the celebrations in the center of cairo where the presidential palace is situated. that put these extraordinary events unfold in egypt in some perspective. our correspondent joins us from jerusalem. many have wondered whether what happened in tunisia could happen here in egypt. the symbolism of president mubarak going under protest will have a huge ripple effect right across the region. >> it will. it is already having an effect here in israel, creating quite a lot of fear and anxiety in israel about what the future may hold, not just for egypt, but what might happen to other regimes in the region, particularly a concern here in israel, jordan, the other arab country that has a peace agreement, and what might happen in syria. whether people there will go on living under fairly oppressive
regimes or may take the example of egypt and also start to protest against their own governments. > >> hello and welcome. >> see the news unfold, get the top stories from around the globe and click-to-play video reports. go to bbc.com/news to experience the in-depth, expert reporting of "bbc world news" online. >> funding was made possible by the freeman foundation of new york, stowe, vermont, and honolulu. newman's own foundation. the john d. and catherine t. macarthur foundation. and union bank.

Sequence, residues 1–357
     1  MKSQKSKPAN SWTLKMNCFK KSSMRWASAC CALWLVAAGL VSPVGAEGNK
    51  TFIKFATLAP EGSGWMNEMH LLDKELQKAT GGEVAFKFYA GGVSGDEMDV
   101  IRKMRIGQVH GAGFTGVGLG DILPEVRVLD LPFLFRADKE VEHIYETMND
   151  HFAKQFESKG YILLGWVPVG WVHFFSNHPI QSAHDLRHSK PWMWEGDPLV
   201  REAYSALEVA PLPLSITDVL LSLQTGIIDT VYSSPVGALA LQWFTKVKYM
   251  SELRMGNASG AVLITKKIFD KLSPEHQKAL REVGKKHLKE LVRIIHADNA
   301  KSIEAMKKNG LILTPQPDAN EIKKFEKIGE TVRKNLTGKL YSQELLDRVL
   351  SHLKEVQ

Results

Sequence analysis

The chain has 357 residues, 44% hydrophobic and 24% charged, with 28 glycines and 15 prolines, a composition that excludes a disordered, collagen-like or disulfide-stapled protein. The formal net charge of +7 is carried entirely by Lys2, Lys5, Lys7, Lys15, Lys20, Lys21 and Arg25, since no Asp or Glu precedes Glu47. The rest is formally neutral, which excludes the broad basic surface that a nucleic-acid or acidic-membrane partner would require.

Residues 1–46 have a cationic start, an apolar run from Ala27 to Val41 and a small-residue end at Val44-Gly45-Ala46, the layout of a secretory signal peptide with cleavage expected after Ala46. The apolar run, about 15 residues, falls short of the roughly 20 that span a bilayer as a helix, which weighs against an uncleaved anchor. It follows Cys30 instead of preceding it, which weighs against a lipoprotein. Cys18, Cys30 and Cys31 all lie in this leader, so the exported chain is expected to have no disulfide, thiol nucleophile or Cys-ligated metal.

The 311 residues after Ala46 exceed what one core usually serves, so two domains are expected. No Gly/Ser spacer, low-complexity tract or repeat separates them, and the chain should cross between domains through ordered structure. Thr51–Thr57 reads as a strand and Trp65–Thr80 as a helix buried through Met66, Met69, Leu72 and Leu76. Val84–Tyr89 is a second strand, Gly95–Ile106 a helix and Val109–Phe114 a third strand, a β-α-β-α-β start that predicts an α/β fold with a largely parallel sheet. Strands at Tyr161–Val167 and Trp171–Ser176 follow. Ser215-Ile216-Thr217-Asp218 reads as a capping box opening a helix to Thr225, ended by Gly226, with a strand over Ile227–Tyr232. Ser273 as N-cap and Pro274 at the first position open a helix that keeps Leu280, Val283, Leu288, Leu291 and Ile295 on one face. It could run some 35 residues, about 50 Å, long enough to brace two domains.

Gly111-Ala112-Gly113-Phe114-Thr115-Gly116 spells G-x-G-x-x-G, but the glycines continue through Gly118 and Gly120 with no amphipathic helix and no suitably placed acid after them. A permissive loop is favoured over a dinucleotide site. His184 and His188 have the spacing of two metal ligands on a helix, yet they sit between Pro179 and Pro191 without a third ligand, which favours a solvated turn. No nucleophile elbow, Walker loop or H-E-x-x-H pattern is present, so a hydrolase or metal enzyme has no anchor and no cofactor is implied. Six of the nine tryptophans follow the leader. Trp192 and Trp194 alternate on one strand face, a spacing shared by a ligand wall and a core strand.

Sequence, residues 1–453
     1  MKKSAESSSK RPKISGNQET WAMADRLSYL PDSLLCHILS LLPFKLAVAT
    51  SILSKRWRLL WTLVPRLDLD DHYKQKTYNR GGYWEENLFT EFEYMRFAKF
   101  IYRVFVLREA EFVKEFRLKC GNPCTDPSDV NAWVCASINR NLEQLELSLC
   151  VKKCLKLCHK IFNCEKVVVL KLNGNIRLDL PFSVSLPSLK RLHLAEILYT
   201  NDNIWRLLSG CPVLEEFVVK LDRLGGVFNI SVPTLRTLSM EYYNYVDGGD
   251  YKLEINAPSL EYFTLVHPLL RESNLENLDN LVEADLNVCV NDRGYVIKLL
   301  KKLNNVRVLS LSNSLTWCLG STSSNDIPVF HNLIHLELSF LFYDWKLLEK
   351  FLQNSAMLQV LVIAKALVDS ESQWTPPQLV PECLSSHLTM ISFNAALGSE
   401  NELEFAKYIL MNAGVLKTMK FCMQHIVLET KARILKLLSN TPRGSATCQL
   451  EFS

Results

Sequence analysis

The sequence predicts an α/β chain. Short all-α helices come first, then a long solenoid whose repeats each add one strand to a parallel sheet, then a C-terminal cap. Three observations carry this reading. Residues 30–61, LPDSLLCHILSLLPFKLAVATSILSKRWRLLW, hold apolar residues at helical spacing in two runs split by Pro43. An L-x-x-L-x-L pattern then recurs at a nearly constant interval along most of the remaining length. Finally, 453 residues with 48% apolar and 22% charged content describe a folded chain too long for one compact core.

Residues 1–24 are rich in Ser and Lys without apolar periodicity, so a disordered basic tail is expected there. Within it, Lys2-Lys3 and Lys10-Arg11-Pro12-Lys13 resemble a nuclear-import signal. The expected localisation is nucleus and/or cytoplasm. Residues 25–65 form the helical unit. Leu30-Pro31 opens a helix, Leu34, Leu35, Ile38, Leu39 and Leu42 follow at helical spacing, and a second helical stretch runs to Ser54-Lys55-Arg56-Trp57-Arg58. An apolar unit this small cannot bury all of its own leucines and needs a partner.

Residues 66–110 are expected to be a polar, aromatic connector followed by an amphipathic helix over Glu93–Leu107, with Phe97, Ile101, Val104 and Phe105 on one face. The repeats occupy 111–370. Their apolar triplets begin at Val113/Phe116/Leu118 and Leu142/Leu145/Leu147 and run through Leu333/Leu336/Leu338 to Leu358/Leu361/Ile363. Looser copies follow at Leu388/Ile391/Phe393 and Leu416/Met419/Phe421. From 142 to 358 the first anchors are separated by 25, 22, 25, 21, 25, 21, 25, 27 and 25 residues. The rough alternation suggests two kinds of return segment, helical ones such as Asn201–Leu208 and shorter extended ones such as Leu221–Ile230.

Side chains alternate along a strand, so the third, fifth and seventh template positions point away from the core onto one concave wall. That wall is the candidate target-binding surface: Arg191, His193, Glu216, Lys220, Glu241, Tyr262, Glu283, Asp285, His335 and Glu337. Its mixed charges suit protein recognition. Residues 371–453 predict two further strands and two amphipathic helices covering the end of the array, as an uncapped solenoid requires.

captioning sponsored by macneil/lehrer productions >> lehrer: good evening. i'm jim lehrer. egyptian president mubarak stepped down today and handed control to the military. it was a dramatic conclusion to 18 days of protests. >> woodruff: and i'm judy woodruff. on the newshour tonight, we get the latest on this historic day from lindsey hilsum of independent television news, and our own margaret warner. they're both in cairo, where the crowd erupted in cheers when the announcement was made. >> it took us a lot, over 18